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The amount of carbon present in Earth’s mantle affects the dynamics of melting, volcanic eruption style and the evolution of Earth’s atmosphere via planetary outgassing. Mantle carbon concentrations are difficult to quantify because most magmas are strongly degassed upon eruption. Here we report undegassed carbon concentrations from a new set of olivine-hosted melt inclusions from the Mid-Atlantic Ridge. We use the correlations of CO2 with trace elements to define an average carbon abundance for the upper mantle. Our results indicate that the upper mantle carbon content is highly heterogeneous, varying by almost two orders of magnitude globally, with the potential to produce large geographic variations in melt fraction below the volatile-free solidus. Such heterogeneity will manifest as variations in the depths at which melt becomes interconnected and detectable, the CO2 fluxes at mid-ocean ridges, the depth of the lithosphere-asthenosphere boundary, and mantle conductivity.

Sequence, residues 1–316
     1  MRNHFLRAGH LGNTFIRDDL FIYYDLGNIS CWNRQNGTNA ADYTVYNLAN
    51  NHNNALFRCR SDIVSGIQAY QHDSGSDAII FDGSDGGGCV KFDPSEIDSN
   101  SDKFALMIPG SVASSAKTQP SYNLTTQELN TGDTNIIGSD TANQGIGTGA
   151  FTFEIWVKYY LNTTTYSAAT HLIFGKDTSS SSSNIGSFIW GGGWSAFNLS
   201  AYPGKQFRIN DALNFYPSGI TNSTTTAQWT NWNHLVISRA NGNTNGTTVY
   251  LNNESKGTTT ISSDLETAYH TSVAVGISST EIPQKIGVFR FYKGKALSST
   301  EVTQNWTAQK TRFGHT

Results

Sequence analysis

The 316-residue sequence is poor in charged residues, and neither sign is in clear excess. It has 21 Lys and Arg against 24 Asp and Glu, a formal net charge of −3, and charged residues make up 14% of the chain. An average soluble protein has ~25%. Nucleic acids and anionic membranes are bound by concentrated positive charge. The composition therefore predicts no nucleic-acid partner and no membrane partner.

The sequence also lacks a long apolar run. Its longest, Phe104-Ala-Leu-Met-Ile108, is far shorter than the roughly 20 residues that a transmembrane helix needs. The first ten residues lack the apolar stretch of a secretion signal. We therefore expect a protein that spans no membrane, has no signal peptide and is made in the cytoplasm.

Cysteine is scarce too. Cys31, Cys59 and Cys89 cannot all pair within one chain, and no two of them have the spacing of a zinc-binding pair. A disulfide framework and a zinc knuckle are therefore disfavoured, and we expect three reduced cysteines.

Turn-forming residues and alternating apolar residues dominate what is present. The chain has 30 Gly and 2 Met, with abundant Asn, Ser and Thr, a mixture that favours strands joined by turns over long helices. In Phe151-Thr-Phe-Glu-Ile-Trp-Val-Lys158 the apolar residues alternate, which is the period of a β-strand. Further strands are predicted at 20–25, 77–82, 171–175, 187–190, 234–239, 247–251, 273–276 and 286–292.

Creative Commons License

Creative Commons License
This work is licensed under a Creative Commons Attribution 4.0 License.